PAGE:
So what happens to an editrix after Si Newhouse shuts down her magazine?
Dominique Browning wrote in The Times Magazine last weekend that her life went into a free fall after House & Garden was shuttered in 2007. She details how she spent much of her time in pajamas, how she thought about death, how she obsessed over eggs. She is turning her post-Condé tale into a book, which is due out in May. Meanwhile, Brandon Holley, who lost her editor in chief job when Jane folded three years ago, has landed at Yahoo, and riffed to The Times earlier this month about how the no-frills lifestyle on the Web isn’t much like life at 4 Times Square.
So! We wondered how other victims of Mr. Newhouse’s golden machete were adapting to life after Condé. “It was definitely a tough experience,” said Pilar Guzman—the popular editor of the mom magazine Cookie, which folded in October—from her place in Park Slope. “I was the rookie who got to do it for five solid years without interruption. It was definitely rough having the rug pulled from under you.”
Ms. Guzman said she’s been concentrating her efforts on two pursuits: wrapping up a cookbook for Cookie and creating a Web site.
The Web site will be called momfilter.com, which she described as a lifestyle site for the modern mom. She’s looking for funding now, and is hoping for a launch date in the fall. She’s working on the site with Yolanda Edwards, another former Cookie editor.
She said she’s excited about the prospect of turning herself over to the Web, and said Cookie could have survived if Condé had invested significantly in the magazine’s Web site. “We had sort of a limited capability of what we could do online, as I’m sure you’re well aware,” she said.
And how has she taken to the transition from 4 Times Square to life at home in Park Slope? “I wasn’t Anna or Graydon, I rode the subway every day!” she said. “If you have your feet on the ground, then that fall from grace is not a fall from grace. It’s like a loss of any job.”
Deborah Needleman, the editor of Domino, which folded in January 2009, said she’s cooking up a Web site of her own with Ken Lerer, the chairman of the Huffington Post.
“It’s a commerce site—with a Domino-like sensibility—that makes it easy and pleasurable to decorate and shop for a home,” she wrote in an email.
(With all this talk about the Web, it’s also worth noting that Dana Goodyear, a writer for The New Yorker, is starting a Web venture with Jacob Lewis, the former managing editor of Portfolio.)
Ms. Needleman said she’s working on an illustrated decorating book with the artist Virginia Johnson for the Crown imprint Clarkson Potter, and she’s done some consulting work for media clients whom she’d rather not name (we’ve heard that she’s been doing some work helping out The Wall Street Journal). Her name has also been floated—by WWD—as a potential nominee to replace Stefano Tonchi as the editor of The Times’ T Magazine.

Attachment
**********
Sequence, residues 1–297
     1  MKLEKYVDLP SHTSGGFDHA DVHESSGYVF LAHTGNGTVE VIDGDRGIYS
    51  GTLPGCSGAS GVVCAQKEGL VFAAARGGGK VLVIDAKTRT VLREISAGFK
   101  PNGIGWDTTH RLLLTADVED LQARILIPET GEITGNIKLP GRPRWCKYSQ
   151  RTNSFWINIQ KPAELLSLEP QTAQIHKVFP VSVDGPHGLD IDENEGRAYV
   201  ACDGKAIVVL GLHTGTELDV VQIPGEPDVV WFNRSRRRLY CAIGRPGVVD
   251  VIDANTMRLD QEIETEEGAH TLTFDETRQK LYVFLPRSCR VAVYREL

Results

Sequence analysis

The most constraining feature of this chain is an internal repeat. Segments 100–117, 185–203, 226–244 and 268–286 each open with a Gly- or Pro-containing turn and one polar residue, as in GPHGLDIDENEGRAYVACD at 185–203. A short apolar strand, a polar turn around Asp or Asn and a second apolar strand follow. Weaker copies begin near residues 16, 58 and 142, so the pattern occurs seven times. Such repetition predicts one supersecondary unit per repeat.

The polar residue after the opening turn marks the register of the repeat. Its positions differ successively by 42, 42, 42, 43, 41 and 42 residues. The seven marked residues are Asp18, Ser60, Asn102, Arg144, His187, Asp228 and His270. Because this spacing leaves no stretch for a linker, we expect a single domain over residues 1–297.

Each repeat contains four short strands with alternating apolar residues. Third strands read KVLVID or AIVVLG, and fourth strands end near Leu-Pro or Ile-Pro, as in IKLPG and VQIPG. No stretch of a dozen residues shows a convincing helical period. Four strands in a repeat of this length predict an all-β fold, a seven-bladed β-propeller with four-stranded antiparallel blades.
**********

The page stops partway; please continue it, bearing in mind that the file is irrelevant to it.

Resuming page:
Joanne Lipman, the editor of Portfolio, lost her magazine nearly a year ago. And what has she been up to?
Ms. Lipman hasn’t landed on her feet yet, nor did she let on about any plans for a Web venture, but she’s made a few appearances on CNN’s Your Money and has written a pair of editorials for The Times, including one about women and the workplace. (The piece wasn’t much of a hit with some bloggers; Jezebel described it “as so ham-handed and contradictory, it read like a tutorial on How Not to Talk About Sexism.”)
Ms. Lipman emailed to say she’s turned down a few jobs and has taken to projects she’s found “interesting,” such as “advising one of the BusinessWeek bidders” and “advising news organizations on business coverage.” She wouldn’t elaborate.
Ruth Reichl, who lost Gourmet last October, declined to comment for this story, but has been an active Twitterer, with daily food-and-drink-related updates!
During Tuesday’s monsoon, she tweeted, “Rain biblical. Scarlet glow of kimichi eggs. Potent tea, very black.”
(What’s with all this talk of eggs with these ex-Condé editors?)
Though PBS wants her to continue her show Gourmet’s Adventures With Ruth, there’s still no word on whether that’s actually coming back for a second season.
When we chatted with Ms. Reichl shortly after Gourmet folded, she said she had plans for a memoir about her years at Condé. “It’s a very rarefied world,” she said. “It was a world that most people—I had no idea that this particular world existed. I sort of think of it as ‘Ruthie in Wonderland.’ People are fascinated by the world. It’s a life that is probably coming to an end.”
Though Ms. Browning’s piece was light on the Condé Nast gossip, perhaps Ms. Reichl can fill the gap!
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